Read more about PDSCL in Japan...

GHS in Japan

Various laws in Japan have required suppliers of hazardous chemicals to provide SDSs and labels. JIS7252 and JIS7253 have set detailed requirements on SDSs and labels in Japan.

Read more about GHS in Japan...

Toxic Chemical Substance Control Act(TCSCA)

The Toxic Chemical Substances Control Act (hereinafter referred to as 'TCSCA') is the most important chemical control law in Taiwan with a goal of preventing toxic chemical substances from polluting the environment and endangering human health. It has undergone 6 amendments since its first promulgation on November 26, 1986. The latest revised TCSCA was promulgated by Presidential Order on 11 Dec 2013 and comes into force on 11 Dec 2014.

The revised TCSCA introduces many concepts of EU REACH regulation into Taiwan. Under the new Act, enterprises manufacturing or importing new substances or a given quantity of existing chemical substances shall register those substances with the Environmental Protection Administration (EPA). Enterprises that manufacture or import new substances or existing toxic chemical substances without the approval of the EPA will be liable to fines in the range of NT$200,000-2 million for manufacturers or NT$30,000-300,000 for importers.

TCSCA also requires enterprises who handle certain controlled toxic chemical substances to apply for permits, registration or approval and comply with relevant management measures.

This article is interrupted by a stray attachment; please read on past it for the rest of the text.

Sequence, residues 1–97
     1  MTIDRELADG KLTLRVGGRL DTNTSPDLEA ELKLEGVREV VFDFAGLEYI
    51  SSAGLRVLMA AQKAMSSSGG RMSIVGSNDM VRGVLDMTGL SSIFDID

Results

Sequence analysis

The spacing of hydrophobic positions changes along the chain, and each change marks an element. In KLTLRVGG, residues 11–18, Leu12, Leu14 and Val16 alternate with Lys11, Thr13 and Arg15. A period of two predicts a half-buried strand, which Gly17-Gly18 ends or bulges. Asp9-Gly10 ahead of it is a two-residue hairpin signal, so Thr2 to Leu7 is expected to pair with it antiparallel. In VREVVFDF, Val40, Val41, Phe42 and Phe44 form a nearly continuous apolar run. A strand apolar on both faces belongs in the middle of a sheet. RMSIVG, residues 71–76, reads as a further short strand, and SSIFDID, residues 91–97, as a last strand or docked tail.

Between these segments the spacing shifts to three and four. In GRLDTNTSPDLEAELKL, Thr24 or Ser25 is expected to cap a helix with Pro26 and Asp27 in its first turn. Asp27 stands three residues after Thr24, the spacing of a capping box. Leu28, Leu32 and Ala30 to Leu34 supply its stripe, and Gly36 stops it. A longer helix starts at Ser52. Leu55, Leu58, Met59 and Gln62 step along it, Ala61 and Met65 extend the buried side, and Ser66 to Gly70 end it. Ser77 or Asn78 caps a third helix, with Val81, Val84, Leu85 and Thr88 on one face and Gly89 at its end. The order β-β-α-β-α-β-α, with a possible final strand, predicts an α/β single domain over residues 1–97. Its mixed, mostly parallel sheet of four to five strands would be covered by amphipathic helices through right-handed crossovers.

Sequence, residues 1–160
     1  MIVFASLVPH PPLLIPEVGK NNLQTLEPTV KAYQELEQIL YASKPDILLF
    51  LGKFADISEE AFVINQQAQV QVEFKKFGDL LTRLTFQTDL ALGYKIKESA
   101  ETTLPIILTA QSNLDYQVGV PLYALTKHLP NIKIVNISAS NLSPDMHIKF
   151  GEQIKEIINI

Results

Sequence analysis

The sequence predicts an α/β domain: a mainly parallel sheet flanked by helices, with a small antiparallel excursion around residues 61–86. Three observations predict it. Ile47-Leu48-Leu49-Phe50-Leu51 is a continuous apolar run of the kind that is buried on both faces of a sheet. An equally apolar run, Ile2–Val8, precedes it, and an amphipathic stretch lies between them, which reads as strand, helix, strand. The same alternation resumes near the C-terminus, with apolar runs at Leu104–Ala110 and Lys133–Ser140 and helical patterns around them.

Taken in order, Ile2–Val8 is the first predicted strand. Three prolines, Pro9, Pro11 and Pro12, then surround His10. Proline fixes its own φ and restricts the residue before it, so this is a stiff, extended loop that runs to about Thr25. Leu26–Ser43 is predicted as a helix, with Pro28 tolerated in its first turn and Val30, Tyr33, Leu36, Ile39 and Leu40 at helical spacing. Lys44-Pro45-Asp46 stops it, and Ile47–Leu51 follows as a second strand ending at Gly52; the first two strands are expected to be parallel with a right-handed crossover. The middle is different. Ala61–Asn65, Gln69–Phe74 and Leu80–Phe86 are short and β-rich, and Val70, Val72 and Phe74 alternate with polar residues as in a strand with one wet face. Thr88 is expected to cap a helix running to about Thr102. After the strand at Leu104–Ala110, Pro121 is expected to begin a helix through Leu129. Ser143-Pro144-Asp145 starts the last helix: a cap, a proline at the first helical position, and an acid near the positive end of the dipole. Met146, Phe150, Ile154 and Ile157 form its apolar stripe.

Read more about Taiwan TCSCA..


Occupational Safety and Health Act(OSHA)

Occupational Safety and Health Act (OSHA) is an amended version of previous Labor Safety and Health Act. It was promulgated on 3 July 2013 aiming at enhancing sound chemical management in workplace in Taiwan and comes into force on 3 July 2014.

Under OSHA, manufacturers or importers shall not manufacture or import new substances prior to submitting hazard and risk assessment report and obtaining the approval for registration of new substances.

In addition to that, OSHA stipulates that manufacturers or importers, prior to providing hazardous chemicals to business units or self-employed, shall label them and provide safety data sheets.

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GHS in Taiwan

GHS has been implemented for selected chemicals in Taiwan since 2008. Full implementation in scheduled in 2016 for all hazardous chemicals with physical and health hazards. Both TCSCA and OSHA require chemical suppliers to label the packages and containers of toxic chemicals or hazardous chemicals and provide safety data sheets prepared in accordance with relevant GHS regulations and standards in Taiwan.

Read more about Taiwan GHS..

Malaysia's CLASS Regulations

The Occupational Safety and Health (Classification, Labelling and Safety Data Sheet of Hazardous Chemicals) Regulations 2013 (known as CLASS Regulations) were gazetted on 11 October 2013 and officially introduced GHS into Malaysia.

A manufacturer or importer is required to prepare an inventory of hazardous chemicals, imported or supplied in a quantity of 1 ton per year or above for each calendar year. Such an inventory shall be submitted to the Department of Occupational Safety and Health no later than 31 March in the following year.